Optimizing compute resource allocation to achieve performance goals while controlling costs can be a challenging balance to strike especially for database workloads with complex usage patterns. To help address these challenges, we are pleased to announce the preview of Azure SQL Database serverless. SQL Database serverless (preview) is a new compute tier that optimizes price-performance and simplifies performance management for databases with intermittent and unpredictable usage. Line-of-business applications, dev/test databases, content management and e-commerce systems are just some examples across a range of applications that often fit the usage pattern ideal for SQL Database serverless. SQL Database serverless is also well-suited for new applications with compute sizing uncertainty or workloads requiring frequent rescaling in order to reduce costs. The serverless compute tier enjoys all the fully managed, built-in intelligence benefits of SQL Database and helps accelerate application development, minimize operational complexity, and lower total costs.
SQL Database serverless automatically scales compute for single databases based on workload demand and bills for compute used per second. Serverless contrasts with the provisioned compute tier in SQL Database which allocates a fixed amount of compute resources for a fixed price and is billed per hour. Over short time scales, provisioned compute databases must either over-provision resources at a cost in order to accommodate peak usage or under-provision and risk poor performance. Over longer time scales, provisioned compute databases can be rescaled, but this solution may require predicting usage patterns or writing custom logic to trigger rescaling operations based on a schedule or performance metrics. This adds to development and operational complexity. In serverless, compute scaling within configurable limits is managed by the service to continuously right-size resources. Serverless also provides an option to automatically pause the database during inactive usage periods and automatically resume when activity returns.
Pay only for compute used
In SQL Database serverless, compute is only billed based on the amount of CPU and memory used per second. While the database is paused only storage is billed, providing additional price optimization benefit.
Consider a line-of-business application or a dev/test database that is idle at night, but needs multi-core bursting headroom throughout the day. In this example, the application is using serverless configured to allow auto-pausing and auto-scaling up to four vcores and has the following usage pattern over a 24 hour period:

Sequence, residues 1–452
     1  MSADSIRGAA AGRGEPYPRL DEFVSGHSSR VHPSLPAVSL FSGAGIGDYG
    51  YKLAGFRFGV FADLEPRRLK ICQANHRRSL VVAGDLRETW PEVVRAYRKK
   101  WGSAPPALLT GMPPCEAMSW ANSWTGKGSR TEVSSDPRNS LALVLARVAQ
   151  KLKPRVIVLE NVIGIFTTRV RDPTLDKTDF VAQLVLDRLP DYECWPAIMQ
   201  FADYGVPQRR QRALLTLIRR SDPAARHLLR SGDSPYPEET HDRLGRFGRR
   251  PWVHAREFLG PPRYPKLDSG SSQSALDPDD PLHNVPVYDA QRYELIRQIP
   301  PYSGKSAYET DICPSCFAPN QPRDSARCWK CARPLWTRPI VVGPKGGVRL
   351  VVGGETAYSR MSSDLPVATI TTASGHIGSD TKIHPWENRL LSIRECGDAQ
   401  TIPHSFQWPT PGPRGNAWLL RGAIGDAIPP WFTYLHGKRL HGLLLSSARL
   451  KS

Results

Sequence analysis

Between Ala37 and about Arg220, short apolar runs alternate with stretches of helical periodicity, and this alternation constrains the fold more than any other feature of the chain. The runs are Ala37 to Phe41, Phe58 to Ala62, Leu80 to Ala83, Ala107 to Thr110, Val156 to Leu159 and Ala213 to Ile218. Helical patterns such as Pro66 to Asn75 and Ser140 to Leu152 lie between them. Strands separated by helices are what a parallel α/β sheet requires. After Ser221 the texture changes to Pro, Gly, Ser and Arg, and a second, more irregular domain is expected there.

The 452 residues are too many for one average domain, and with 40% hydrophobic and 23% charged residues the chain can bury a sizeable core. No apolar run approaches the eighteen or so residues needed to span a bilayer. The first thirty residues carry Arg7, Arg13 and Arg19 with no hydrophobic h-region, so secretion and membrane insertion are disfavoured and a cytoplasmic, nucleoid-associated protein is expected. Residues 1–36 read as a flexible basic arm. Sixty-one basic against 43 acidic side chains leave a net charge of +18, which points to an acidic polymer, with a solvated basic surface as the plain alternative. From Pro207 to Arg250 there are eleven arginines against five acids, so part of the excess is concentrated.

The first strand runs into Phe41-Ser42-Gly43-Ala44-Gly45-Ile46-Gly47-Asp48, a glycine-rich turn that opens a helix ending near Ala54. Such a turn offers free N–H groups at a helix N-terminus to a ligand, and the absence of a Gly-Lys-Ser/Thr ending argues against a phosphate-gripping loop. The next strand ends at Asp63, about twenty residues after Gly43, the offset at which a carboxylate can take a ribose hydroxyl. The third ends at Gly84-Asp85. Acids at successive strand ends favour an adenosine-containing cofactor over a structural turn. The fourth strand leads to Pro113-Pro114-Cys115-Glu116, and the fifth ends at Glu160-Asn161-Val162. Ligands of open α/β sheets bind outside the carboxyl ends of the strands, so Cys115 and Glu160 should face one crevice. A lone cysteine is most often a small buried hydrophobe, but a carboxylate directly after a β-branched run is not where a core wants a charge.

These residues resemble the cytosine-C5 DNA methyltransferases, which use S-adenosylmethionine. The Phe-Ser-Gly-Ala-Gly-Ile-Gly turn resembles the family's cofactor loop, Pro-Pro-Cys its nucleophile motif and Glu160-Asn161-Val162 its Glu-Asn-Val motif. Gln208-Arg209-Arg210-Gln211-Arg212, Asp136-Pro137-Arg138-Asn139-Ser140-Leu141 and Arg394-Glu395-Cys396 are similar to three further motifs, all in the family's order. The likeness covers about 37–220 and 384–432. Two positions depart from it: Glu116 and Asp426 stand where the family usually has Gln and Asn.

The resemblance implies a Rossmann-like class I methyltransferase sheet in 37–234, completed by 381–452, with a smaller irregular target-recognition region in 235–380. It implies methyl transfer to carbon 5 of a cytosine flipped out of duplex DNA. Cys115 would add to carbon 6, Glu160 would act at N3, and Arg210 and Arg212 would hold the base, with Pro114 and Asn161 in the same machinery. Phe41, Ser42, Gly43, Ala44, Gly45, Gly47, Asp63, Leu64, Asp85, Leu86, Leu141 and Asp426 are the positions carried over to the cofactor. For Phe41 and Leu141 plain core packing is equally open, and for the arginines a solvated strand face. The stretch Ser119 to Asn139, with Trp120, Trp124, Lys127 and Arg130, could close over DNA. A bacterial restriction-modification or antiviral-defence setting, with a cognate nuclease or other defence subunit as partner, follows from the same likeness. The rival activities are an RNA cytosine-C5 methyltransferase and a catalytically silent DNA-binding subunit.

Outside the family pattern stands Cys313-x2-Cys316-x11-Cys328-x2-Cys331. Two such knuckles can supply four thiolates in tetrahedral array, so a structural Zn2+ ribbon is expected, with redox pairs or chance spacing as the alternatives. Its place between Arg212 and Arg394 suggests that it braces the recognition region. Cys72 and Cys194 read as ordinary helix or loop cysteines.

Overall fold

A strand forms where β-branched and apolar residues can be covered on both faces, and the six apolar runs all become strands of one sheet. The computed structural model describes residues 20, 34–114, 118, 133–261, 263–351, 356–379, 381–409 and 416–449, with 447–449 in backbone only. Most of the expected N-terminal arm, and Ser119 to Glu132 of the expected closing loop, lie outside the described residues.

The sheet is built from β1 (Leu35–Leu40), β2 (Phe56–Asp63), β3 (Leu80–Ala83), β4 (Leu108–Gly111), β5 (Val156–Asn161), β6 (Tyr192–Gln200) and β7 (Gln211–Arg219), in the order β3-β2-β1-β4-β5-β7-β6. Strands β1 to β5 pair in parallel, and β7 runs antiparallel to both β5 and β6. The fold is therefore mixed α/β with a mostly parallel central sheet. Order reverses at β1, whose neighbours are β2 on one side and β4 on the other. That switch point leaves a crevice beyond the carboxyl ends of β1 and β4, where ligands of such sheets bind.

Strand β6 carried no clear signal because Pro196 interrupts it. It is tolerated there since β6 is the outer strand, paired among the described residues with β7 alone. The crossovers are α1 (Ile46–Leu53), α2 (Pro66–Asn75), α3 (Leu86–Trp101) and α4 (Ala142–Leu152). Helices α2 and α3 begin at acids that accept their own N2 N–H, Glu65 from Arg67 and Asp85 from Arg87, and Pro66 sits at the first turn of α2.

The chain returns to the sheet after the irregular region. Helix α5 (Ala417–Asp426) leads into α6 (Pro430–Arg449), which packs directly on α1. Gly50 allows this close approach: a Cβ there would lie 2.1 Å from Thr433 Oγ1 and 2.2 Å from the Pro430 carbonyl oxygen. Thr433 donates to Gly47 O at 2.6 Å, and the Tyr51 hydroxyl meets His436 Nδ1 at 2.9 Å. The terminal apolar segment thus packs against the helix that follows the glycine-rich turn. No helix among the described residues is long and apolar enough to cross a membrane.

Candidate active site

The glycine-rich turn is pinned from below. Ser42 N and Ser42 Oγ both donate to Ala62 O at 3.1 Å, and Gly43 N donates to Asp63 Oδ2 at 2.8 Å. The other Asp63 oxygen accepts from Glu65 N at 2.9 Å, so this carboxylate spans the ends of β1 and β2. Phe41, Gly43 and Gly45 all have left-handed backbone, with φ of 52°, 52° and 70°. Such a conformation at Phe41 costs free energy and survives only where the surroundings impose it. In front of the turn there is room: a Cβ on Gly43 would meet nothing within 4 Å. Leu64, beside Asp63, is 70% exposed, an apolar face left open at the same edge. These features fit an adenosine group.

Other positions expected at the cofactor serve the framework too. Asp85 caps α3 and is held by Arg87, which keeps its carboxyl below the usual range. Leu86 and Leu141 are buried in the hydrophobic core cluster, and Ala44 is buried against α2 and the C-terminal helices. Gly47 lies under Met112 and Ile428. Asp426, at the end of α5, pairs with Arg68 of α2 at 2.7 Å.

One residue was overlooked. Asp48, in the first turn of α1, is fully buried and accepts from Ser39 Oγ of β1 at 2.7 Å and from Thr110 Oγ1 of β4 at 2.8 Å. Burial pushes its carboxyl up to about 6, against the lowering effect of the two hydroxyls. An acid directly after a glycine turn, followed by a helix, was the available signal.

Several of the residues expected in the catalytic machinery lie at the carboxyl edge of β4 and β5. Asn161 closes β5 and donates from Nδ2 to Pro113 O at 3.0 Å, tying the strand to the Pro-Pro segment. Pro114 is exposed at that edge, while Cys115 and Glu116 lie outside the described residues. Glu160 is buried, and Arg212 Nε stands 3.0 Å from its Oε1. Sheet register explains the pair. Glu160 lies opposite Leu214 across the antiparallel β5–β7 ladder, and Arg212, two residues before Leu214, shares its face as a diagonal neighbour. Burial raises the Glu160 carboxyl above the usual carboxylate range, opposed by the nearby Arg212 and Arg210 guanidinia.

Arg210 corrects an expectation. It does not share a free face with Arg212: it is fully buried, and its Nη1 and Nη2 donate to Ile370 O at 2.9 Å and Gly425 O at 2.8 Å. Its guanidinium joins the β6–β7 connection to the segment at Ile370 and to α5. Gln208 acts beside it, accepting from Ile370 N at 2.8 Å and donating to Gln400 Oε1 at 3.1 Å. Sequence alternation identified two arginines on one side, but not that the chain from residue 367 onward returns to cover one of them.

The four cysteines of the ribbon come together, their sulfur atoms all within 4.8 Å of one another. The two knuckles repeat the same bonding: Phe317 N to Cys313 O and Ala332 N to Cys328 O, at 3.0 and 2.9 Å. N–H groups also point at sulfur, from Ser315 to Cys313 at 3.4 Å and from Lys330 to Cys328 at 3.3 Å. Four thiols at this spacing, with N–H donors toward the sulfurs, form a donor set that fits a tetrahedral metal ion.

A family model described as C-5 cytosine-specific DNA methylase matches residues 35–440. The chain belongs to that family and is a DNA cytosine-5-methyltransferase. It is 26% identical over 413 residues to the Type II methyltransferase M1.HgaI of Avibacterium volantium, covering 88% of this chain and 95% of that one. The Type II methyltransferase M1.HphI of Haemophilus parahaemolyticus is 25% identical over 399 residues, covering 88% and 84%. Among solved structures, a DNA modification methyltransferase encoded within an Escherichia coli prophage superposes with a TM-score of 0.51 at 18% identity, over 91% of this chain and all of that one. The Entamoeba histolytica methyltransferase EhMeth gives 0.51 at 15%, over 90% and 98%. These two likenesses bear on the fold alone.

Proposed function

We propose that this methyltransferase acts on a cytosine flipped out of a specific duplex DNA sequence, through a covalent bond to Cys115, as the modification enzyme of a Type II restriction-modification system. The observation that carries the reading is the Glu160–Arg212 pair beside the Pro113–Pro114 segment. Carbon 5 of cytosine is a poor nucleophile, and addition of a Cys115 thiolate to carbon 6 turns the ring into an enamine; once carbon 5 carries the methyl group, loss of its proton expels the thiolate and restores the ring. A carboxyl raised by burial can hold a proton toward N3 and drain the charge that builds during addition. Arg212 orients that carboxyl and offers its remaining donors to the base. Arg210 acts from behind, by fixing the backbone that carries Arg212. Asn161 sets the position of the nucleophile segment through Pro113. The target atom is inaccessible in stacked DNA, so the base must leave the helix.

As can be seen, database usage corresponds to the amount of compute billed which is measured in units of vcore seconds and sums to around 46k vcore seconds over the 24 hour period. Suppose the compute unit price for the serverless database is around $0.000073/vcore/second. Then the compute bill for this one day period is just under $3.40. This is calculated by multiplying the compute unit price by the total number of vcore seconds accumulated. During this time period, the database was auto-paused while idle and enjoyed the benefit of bursting episodes up to 80 percent of four vcores without customer intervention. In this example, the price savings using serverless is significant compared to a provisioned compute database configured with the same four vcore limit.
Note that pricing is discounted for preview. In this example, pricing is based on the East US region in May 2019 and subject to change. For the most up-to-date pricing, please visit the Azure SQL Database pricing page.
When using SQL Database serverless there are price-performance trade-offs to consider. These trade-offs are related to the compute unit price and the impact on application performance due to compute warm-up after periods of low or idle usage.
Compute unit price
The compute unit price is higher for a serverless database than for a provisioned compute database since serverless is optimized for workloads with intermittent usage patterns. If CPU or memory usage is high enough and sustained for long enough, then the provisioned compute tier may be less expensive.
Compute warm-up after low usage
While a serverless database is online, memory is gradually reclaimed if CPU or memory usage is low enough for long enough. When workload activity returns, disk IO may be required to rehydrate data pages into the SQL buffer pool or query plans may need to be recompiled. This memory management policy to reclaim cache based on low usage is unique to serverless and done to control customer costs, but can impact performance. Memory reclamation based on low usage does not occur in the provisioned compute tier for single databases or elastic pools where this kind of impact can be avoided.
Compute warm-up after pausing
The latency to pause and resume a serverless database is usually around one minute or less during which time the database is offline. After the database is resumed, memory caches need to be rehydrated which adds additional latency before optimal performance conditions return. The idle period that must elapse before auto-pausing occurs can be configured to compensate for this performance impact. Alternatively, auto-pausing can be disabled for workloads sensitive to this impact and still benefit from auto-scaling. Compute minimums are billed while the database is online regardless of usage, and so disabling auto-pausing can increase costs.
Azure SQL Database serverless is supported in the General Purpose tier for single databases.